Thursday, July 26, 2012

Moving on

As any autism parent can tell you, change is hard. Our kids have a hard time transitioning or doing something outside of the routine. I’m here to tell you that change is also hard for everyone else, too.

This past weekend I worked my tail off to help prepare my grandma’s house for sale. It’s been a long time coming. Grandma fell and injured herself a couple of years ago. After a stint in a rehab facility, it became clear that it was no longer a good idea for her to live by herself.  

My grandma is almost 95 and she is healthy as a horse. She is also stubborn as a mule! By God’s grace, she still has her wits about her. I can only hope and pray that I will be the same way when I am her age…if I ever get there!
Since she moved in with my aunt about 2 years ago her house has been sitting vacant. Recently she decided she was finally willing to let the house go. I imagine it was very difficult for her because there are a lot of memories there. Out of all the grandkids, I think I spent the most time there and it was like my second home when I was growing up.

Going through all of her things was exhausting. Like many people her age, she was hesitant to throw anything away that could be useful, and she surrounded herself with knickknacks and pictures. Every so often I would stop and reminisce as something jogged my memory. My cousin and I would exclaim to each other, “Do you remember this? Wow!” We would shake our heads in disbelief as we walked down memory lane. It was really cool to uncover things we had long forgotten about or never even knew existed.
The one thing that made the weekend easier was the fact that grandma is still with us. Had we been going through her things after her passing, it would have been much more difficult. I was grateful for the opportunity to clean and organize her house without grief. It was also very enjoyable to gather together a few family members and friends of the family that are scattered around and work toward a common goal.  

Since it was a sunny weekend, the house was warm and it was really stuffy from being unoccupied for so long. We opened up all the windows and doors, cranked up the music, and got our groove on well into the night. All of the neighbors must have loved our shake-your-booty-and-sing-your-heart-out renditions of songs by the Village People, Milli Vanilli, the Bangles, and others. Poor neighbors. They are probably traumatized for life. Over 2 nights, I think we got about 5 hours of sleep total. By the end, we were hobbling around covered in dust and grime and completely sore and tired.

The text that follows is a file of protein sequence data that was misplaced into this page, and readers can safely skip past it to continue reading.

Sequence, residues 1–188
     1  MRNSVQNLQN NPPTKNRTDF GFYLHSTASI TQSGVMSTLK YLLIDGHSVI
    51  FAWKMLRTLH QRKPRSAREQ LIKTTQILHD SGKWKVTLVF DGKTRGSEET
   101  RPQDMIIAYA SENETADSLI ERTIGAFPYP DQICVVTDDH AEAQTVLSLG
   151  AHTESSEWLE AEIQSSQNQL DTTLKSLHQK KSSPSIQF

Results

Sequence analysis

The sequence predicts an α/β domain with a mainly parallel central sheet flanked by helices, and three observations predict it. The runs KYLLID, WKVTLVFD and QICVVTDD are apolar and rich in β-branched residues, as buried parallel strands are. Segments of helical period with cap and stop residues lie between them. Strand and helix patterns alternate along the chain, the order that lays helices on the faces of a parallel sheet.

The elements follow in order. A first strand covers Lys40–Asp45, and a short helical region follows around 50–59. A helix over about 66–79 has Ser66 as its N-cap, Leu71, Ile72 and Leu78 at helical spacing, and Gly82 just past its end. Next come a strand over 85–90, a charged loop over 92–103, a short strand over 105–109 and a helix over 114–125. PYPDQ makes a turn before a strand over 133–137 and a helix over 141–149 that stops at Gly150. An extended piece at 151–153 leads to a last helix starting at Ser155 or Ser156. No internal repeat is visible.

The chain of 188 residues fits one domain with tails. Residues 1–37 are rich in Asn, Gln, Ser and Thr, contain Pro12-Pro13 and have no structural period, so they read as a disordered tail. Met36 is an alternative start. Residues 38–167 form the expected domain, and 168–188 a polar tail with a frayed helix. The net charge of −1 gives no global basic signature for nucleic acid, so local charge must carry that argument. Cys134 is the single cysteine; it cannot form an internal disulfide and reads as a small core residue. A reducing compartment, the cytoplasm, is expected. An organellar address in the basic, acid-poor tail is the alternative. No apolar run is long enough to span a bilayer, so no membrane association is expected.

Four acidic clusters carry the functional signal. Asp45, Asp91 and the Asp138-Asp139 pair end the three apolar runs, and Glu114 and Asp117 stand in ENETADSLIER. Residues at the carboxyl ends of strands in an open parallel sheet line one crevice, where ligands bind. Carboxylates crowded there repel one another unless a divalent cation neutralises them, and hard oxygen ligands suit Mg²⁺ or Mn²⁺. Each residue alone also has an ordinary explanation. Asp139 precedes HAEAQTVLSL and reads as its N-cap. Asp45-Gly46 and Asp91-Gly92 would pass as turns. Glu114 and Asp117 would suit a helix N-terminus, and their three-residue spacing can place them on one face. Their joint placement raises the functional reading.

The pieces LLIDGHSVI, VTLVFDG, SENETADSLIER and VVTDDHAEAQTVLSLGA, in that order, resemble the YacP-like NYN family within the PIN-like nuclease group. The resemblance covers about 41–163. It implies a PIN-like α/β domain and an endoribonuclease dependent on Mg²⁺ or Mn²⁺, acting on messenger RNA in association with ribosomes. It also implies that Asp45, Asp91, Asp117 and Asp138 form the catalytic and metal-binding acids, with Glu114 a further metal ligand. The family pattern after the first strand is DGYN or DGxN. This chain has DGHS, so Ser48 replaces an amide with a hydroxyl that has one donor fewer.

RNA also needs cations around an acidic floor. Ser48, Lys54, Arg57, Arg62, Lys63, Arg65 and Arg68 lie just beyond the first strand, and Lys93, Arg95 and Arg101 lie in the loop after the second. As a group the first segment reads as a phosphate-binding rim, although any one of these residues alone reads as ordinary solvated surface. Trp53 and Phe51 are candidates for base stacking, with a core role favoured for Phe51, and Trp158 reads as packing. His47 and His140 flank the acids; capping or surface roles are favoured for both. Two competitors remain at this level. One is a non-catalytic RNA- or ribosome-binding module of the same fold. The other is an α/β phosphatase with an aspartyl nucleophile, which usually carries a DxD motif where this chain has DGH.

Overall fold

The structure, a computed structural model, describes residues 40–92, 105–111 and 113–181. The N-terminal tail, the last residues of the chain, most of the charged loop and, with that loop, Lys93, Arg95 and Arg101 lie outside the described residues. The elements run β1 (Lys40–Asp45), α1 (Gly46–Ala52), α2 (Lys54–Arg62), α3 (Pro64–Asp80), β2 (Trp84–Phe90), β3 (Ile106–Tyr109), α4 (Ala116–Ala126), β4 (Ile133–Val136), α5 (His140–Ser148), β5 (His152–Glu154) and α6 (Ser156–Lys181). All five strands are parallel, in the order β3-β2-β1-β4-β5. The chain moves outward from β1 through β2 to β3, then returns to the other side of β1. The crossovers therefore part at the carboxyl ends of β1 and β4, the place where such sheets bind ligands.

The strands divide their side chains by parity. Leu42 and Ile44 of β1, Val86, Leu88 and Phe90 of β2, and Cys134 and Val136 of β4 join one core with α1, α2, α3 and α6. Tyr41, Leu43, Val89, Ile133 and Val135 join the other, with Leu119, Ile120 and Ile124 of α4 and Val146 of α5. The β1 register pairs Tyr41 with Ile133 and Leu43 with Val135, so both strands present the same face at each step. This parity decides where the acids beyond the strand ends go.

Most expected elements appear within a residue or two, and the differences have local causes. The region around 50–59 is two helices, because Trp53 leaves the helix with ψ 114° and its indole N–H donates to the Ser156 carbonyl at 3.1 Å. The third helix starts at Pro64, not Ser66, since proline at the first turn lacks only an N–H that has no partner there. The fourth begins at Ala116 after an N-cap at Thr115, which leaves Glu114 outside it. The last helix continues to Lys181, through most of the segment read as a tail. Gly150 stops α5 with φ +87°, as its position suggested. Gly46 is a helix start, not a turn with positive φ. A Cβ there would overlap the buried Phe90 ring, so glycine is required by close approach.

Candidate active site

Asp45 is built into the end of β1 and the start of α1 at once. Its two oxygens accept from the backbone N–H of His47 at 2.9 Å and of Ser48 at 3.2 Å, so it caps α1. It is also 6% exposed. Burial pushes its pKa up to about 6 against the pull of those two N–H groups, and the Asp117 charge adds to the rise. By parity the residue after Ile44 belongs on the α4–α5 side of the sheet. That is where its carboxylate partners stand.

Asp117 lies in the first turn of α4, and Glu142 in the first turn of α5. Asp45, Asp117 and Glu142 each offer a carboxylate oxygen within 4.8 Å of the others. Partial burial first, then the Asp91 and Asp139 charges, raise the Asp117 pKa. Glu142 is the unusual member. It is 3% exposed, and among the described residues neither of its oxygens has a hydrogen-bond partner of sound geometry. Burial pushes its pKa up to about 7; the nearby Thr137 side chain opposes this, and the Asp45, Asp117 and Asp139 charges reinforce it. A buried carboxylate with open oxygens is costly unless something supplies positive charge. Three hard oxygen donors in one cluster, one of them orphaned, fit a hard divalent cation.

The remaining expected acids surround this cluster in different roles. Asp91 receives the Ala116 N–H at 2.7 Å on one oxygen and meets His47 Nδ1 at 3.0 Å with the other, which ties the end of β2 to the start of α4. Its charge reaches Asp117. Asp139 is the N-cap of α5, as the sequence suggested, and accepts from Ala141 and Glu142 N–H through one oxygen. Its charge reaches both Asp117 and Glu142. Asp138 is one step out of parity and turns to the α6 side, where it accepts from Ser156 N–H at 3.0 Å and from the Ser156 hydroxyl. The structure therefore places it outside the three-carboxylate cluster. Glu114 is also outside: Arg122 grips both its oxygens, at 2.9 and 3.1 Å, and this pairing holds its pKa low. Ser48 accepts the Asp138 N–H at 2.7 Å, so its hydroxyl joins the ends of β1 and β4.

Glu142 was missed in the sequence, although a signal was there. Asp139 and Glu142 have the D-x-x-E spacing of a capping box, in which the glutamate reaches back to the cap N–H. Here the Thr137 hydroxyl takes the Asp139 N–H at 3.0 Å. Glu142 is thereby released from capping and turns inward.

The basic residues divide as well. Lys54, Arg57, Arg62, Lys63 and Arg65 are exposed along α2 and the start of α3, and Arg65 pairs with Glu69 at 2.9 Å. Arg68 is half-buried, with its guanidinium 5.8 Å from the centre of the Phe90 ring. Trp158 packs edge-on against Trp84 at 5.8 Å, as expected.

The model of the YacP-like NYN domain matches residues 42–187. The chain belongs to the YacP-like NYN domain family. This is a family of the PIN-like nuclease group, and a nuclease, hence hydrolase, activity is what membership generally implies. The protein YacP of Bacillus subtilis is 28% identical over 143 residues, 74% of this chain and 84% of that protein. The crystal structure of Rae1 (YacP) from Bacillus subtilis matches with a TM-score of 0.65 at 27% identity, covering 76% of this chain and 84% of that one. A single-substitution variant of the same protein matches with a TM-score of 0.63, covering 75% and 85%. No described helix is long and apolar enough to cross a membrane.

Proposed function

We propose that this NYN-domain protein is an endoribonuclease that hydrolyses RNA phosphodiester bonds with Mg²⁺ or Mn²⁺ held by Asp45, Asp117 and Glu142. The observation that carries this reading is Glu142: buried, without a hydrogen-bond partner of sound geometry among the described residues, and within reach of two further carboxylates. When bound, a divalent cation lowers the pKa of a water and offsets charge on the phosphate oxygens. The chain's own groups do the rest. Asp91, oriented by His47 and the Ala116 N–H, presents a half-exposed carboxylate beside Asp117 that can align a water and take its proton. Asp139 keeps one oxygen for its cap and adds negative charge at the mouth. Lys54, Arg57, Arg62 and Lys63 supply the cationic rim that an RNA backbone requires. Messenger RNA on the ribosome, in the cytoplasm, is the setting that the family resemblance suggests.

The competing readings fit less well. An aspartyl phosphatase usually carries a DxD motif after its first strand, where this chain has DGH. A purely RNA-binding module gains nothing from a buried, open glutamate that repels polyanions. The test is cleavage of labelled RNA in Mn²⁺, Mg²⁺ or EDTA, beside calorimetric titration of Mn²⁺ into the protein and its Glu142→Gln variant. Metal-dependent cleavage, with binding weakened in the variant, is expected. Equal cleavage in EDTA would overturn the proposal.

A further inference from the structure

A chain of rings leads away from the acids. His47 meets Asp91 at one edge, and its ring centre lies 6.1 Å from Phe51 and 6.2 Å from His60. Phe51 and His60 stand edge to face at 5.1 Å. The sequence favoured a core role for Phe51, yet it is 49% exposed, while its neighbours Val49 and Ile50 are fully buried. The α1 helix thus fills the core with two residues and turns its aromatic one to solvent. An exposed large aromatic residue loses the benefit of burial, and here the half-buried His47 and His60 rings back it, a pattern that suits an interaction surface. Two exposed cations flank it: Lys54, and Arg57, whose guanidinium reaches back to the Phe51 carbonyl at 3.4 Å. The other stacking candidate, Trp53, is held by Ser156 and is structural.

Gram's house is the epitome of 70's chic! Don't you love the green shag and orange furniture? You should have seen this room before we stripped it clean. We removed a couple of pieces of furniture, all the pictures off the wall, the tons of dried and silk flowers, and the knickknacks from every corner and surface. By paring down the room, it's the largest we've ever seen it. Who knew there was this much space? 

My cousin, uncle and I were feeling emotional over certain things we came across and things we remembered, but we did our best to hold our emotions in check. I think we all knew that if we allowed the floodgates to open they just would not stop. I somehow managed to hold myself together while I was in the house.  

On my way back home, I crossed the bridge over the river from Portland into Vancouver and that’s when I lost it. I was a wreck off and on for the rest of that night and the next day. Lord help me when the house actually sells. She’s the only grandparent left between my husband and I, and I don’t even want to think about when she goes to be with the rest of our grandparents in heaven.   
One moment that really sticks out in my mind from that weekend is when I stopped by the neighbor’s house to chat. As it turns out, they also have 2 boys diagnosed on the autism spectrum. I found myself in their living room chatting with them about autism, educational advocacy, and other related topics. Even though my hubby was home with our boys, it was like I was right back in my element.  

Once my grandma’s house sells, I will no longer have relatives in my old hometown. But, I will have community. I will have autism family. And that makes the change a little bit easier.
Related Posts Plugin for WordPress, Blogger...